The opinion of the court was delivered by: JOSEPH GREENAWAY, District Judge
[EDITOR'S NOTE: This case is unpublished as indicated by the issuing court.] OPINION
This matter comes before this Court on the motion of Defendant
Frungillo Catering Design ("Defendant") to vacate a default
entry, pursuant to FED. R. CIV. P. 55(c), and the cross-motion of
Plaintiff Linda Calhoun ("Plaintiff") for a default judgment,
pursuant to FED. R. CIV. P. 55(b). For the following reasons,
Defendant's motion to vacate the entry of default is granted and
Plaintiff's cross-motion is denied as moot.
Defendant was the caterer for a wedding at the Skylands Manor
in Ringwood, New Jersey on March 2, 2002. (Affidavit of Robert
Frungillo ("Frungillo Aff."), at ¶ 2.) Plaintiff, a florist and
floral designer, was hired to decorate the wedding cake and
provide flowers for the wedding and reception (Frungillo Aff. ¶
3). Varano was hired as the photographer for the wedding. (Affidavit of Linda Calhoun ("Pl. Aff."), at ¶ 4.) For the
wedding at Skylands-Manor, Defendant baked a four tiered cake
(Frungillo Aff. ¶ 2), Plaintiff decorated the wedding cake, and
Varano photographed the completed cake ("Work"). (Frungillo Aff.
¶ 3; Pl. Aff. ¶ 3.)
Subsequent to the wedding, Defendant placed an advertisement
("Ad") in one or more bridal magazines promoting the Skylands
Manor. (Frungillo Aff. ¶ 9.) The Ad contained a picture of the
outside of Skylands Manor as well as four other pictures, one of
which was a picture of a wedding cake that Plaintiff claims to be
her copyright protected Work. (Pl. Aff. ¶ 4.)
Plaintiff sent cease-and-desist letters to Defendant on or
about March 19, 2003 and August 22, 2003, in which she asked
Defendant to stop running all advertisements in any form
containing the Work. Defendant did not respond to the
cease-and-desist letters. (Pl. Aff. ¶ 5.) On August 22, 2003,
Plaintiff registered her Work with the United States Copyright
Office. (Pl. Aff. ¶ 6.) Plaintiff registered her Work as a
Sculpture entitled "A Floral Design for a Wedding Cake." (Pl.
Aff. ¶ 6.)
On August 25, 2003, Plaintiff filed suit in this Court against
Defendant and Varano Photography seeking damages for copyright
infringement, pursuant to 17 U.S.C. § 101, and unfair
competition, pursuant to N.J. STAT. ANN. § 56:4-1 (2001). (Pl.
Aff. ¶ 6.) On February 3, 2004, Defendant sent a letter to this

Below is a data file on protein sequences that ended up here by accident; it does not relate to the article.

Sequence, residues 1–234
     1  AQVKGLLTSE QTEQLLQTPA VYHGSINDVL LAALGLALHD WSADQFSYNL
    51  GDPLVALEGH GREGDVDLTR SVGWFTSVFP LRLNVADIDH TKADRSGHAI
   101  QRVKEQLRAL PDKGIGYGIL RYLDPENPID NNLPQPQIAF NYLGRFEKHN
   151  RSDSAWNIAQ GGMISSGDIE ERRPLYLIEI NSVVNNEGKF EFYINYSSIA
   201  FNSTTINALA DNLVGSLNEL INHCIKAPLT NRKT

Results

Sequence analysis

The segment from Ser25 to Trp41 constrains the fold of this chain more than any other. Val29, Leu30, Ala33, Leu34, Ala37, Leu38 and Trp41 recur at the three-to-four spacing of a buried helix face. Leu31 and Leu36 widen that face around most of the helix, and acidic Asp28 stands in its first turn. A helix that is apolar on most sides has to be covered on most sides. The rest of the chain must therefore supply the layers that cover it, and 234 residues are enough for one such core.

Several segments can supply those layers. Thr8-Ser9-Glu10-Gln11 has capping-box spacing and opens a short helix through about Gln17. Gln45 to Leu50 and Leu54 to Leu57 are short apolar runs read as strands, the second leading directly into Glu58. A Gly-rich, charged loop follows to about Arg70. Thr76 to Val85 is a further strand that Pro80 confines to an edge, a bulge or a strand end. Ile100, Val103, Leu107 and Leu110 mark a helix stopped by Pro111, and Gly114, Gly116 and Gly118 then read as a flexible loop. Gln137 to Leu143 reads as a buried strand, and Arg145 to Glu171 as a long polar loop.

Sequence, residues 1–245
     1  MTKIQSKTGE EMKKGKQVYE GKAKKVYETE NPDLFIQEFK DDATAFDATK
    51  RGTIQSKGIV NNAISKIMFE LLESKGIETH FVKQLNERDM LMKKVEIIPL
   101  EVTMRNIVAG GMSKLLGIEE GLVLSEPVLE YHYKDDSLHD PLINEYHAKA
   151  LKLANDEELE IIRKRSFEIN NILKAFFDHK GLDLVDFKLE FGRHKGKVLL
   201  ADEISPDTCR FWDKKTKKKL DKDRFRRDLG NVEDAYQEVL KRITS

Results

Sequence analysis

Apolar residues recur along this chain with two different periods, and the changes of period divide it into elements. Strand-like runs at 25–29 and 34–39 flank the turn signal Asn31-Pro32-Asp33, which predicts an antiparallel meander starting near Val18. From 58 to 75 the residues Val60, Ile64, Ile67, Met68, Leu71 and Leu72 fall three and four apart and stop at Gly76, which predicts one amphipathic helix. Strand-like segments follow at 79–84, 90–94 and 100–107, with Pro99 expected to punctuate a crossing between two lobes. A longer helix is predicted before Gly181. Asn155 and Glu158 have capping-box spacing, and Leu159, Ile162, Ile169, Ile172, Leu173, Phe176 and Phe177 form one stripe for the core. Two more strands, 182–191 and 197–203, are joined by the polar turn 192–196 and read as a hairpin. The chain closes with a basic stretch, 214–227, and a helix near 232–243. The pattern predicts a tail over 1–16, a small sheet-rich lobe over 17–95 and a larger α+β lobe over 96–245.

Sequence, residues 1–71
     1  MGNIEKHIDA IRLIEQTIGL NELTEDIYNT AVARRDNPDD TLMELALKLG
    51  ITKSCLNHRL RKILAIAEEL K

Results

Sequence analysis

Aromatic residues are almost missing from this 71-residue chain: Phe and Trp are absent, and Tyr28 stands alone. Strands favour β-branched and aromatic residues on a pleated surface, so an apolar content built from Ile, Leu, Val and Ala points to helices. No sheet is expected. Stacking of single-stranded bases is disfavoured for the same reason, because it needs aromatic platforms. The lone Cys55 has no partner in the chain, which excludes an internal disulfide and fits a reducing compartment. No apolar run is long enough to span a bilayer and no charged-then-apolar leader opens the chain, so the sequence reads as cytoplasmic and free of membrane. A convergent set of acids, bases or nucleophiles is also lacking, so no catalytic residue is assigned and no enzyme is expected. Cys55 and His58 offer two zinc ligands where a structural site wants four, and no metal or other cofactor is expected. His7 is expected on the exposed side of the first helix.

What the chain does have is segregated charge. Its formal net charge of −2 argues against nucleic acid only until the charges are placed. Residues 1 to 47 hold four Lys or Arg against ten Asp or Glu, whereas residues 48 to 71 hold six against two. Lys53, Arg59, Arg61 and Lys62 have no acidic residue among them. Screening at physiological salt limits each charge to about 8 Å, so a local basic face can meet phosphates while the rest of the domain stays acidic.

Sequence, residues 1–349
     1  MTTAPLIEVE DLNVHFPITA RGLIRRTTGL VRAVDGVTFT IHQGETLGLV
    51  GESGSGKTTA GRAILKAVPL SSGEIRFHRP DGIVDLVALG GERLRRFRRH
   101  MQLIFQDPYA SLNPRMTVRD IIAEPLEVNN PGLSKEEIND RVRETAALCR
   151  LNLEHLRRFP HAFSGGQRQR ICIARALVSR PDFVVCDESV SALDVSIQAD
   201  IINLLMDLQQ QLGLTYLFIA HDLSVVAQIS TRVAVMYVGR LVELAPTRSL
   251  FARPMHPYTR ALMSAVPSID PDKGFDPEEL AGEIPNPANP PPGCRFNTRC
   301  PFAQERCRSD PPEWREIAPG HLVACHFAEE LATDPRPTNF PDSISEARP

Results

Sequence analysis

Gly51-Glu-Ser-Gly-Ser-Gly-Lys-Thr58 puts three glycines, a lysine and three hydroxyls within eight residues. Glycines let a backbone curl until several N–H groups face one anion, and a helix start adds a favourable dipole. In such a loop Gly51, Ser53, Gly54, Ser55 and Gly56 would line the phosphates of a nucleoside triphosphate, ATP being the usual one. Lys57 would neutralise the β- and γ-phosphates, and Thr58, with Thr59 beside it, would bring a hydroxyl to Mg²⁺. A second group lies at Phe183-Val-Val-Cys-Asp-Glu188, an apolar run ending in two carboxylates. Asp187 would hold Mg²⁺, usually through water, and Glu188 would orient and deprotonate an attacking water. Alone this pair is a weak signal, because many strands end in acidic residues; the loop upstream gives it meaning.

Court stating that: (1) he was representing himself; (2) denying
all allegations set forth in the complaint; and (3) seeking to
join in Varano's motion to dismiss, which was pending at that
time. Defendant did not appear for oral argument on February 27,
2004, when this Court granted in part and denied in part Varano's
motion to dismiss and directed Plaintiff to file an amended
pleading by March 26, 2004. Plaintiff and Varano Photography
settled, and on June 24, 2004, this Court dismissed Varano from
this action. Plaintiff filed a second amended complaint on March 26, 2004.
Defendant failed to answer and Plaintiff requested an entry of
default, pursuant to Rule 55(a) on February 2, 2005. The Clerk of
the Court entered a default against Defendant on February 2,
2005. On March 22, 2005, Defendant moved to set aside the default
entry, pursuant to Rule 55(c), and Plaintiff cross-moved for
default judgment, pursuant to Rule 55(b)(2).
Defaults are disfavored, and where a party has moved to set
aside a default, doubtful cases should be resolved in favor of
the party moving to set aside a default entry "so that cases may
be decided on their merits." See United States v. $55,518.05
in U.S. Currency, 728 F.2d 192, 194-95 (3d Cir. 1984). "Between
the extremes of repeated contumacious conduct and innocent
procedural error are the manifold instances of neglect and
inadvertence that require trial courts to weigh the equities of
the situation and the need for the efficacious resolution of
controversies." Feliciano v. Reliant Tooling Co., Ltd.,
691 F.2d 653, 656 (3d Cir. 1982). "The exercise of such judgment does
not lend itself to a rigid formula or to a per se rule." Hritz
v. Woma Corp., 732 F.2d 1178, 1181 (3d Cir. 1984).
Rule 55(c) of the Federal Rules of Civil Procedure provides
that "[f]or good cause shown, the court may set aside an entry of
default and, if a judgment by default has been entered, may
likewise set it aside in accordance with Rule 60(b)." In
resolving a motion to set aside a default under Rule 55(c),
courts should consider: (1) whether the defendant has a
meritorious defense; (2) whether the default was the result of
the defendant's culpable conduct; and (3) whether the plaintiff
will be prejudiced. See $55,518.05 in U.S. Currency,
728 F.2d at 194-95. DISCUSSION
In deciding a motion to vacate a default entry, courts should
consider whether the party seeking to vacate the default has
demonstrated good cause. See FED. R. CIV. P. 55(c). Any doubts
should be resolved in favor of vacating a default entry so that
cases may be decided on their merits. See $55,518.05 in U.S.
Currency, 728 F.2d at 194-95. Courts should examine whether the
defendant may have a meritorious defense, assess the prejudice to
the plaintiff of vacating a default, and evaluate whether the
default resulted from the culpable conduct of the defendant.
This Court has considered these factors and the parties'
submissions. For the reasons set forth below, Defendant's motion
to vacate the entry of default shall be granted and ...